As also illustrated in FIGS. 2-4 roller 36 is provided with a complementary abutment member 40 for each confinement member 38. Each abutment member 40 is spaced from roller follower 36 by a distance sufficient to accommodate the confinement member 38 being disposed in the space between its respective rotation resistance member 40 and roller 36. In the preferred practice of this invention confinement member 38 has a surface 42 which is in contact with a complementary surface 44 of abutment member 40 and preferably also has a second surface 45 which is in contact with a complementary shaped surface 46 on roller follower 36. Such complementary surfaces are preferably formed by tapering or beveling the outer edge 42 of each confinement member 38 at the same angle as a taper 44 on abutment member 40 and tapering the opposite edge 45 with the same taper 46 on roller follower 36.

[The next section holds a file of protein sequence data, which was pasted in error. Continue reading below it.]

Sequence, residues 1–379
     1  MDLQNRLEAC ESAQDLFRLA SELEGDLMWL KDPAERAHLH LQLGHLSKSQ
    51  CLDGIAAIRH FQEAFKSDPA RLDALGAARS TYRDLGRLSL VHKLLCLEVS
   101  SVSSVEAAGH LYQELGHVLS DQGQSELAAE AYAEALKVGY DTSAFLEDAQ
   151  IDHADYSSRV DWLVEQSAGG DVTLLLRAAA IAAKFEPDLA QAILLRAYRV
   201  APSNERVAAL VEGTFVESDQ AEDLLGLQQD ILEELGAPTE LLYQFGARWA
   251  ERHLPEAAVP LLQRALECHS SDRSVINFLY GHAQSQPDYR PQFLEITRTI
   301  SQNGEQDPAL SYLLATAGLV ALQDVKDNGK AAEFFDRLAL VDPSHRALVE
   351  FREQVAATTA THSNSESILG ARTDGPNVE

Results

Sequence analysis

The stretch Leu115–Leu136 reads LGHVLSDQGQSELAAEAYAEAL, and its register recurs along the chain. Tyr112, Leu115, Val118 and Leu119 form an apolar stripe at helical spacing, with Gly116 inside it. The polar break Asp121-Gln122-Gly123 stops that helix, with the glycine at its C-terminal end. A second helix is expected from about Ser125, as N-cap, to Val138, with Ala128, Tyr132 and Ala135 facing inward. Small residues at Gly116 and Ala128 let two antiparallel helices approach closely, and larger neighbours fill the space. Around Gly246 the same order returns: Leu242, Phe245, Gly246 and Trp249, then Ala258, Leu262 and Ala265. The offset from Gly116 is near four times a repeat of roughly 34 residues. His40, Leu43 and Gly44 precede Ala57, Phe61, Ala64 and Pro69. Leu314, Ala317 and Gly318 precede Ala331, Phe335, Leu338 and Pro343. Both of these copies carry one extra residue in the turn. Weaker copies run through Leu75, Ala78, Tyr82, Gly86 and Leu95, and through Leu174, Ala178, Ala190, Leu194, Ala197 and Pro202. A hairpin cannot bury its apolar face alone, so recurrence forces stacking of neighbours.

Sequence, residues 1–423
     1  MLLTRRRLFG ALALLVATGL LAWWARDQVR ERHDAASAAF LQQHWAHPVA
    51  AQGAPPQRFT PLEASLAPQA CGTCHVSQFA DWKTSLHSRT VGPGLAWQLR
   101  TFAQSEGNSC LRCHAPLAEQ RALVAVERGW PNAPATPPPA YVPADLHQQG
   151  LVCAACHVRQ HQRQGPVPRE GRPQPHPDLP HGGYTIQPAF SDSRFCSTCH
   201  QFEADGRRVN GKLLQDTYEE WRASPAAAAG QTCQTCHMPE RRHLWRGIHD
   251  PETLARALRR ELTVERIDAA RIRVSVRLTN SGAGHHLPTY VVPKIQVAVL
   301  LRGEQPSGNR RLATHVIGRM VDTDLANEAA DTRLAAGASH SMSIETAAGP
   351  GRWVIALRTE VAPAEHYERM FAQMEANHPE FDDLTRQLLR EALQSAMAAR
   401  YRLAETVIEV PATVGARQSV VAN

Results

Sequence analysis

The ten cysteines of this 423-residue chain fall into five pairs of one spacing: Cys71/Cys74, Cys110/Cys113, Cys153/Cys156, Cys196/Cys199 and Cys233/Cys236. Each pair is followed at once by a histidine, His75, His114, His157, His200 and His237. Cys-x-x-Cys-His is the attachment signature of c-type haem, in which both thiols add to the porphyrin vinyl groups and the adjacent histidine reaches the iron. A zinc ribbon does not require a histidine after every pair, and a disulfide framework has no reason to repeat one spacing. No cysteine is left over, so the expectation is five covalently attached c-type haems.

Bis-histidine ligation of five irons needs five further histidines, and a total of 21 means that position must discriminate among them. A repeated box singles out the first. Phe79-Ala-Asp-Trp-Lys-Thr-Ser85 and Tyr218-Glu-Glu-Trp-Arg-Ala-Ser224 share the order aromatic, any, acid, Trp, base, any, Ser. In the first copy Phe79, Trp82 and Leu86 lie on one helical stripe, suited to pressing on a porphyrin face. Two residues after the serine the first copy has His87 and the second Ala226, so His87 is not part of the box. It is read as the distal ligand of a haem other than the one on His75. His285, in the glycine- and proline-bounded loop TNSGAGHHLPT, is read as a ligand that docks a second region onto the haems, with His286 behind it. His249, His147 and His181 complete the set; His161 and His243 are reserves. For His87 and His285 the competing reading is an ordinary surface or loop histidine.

As a result of the contact, which preferably is a surface to surface contact between the confinement member 38 and the abutment member 40 and preferably also between the confinement member 38 and the roller follower 36, contact is maintained between the guide member 38 and the structure on valve lifter 30, namely the corresponding abutment member 40 and the roller 36. This contact is maintained throughout the rotation of cam shaft 30 and the consequent rotation of cam lobe 34 and confinement members 38. FIG. 3, for example, shows the valve in the open position with the valve lifter raised upwardly in the lefthand portion of that figure and shows the valve in the closed position with the valve lifter in a down orientation and also shows that the contact is maintained between corresponding portions of the confinement members 38 and their associated abutment members 40, as well as roller follower 36.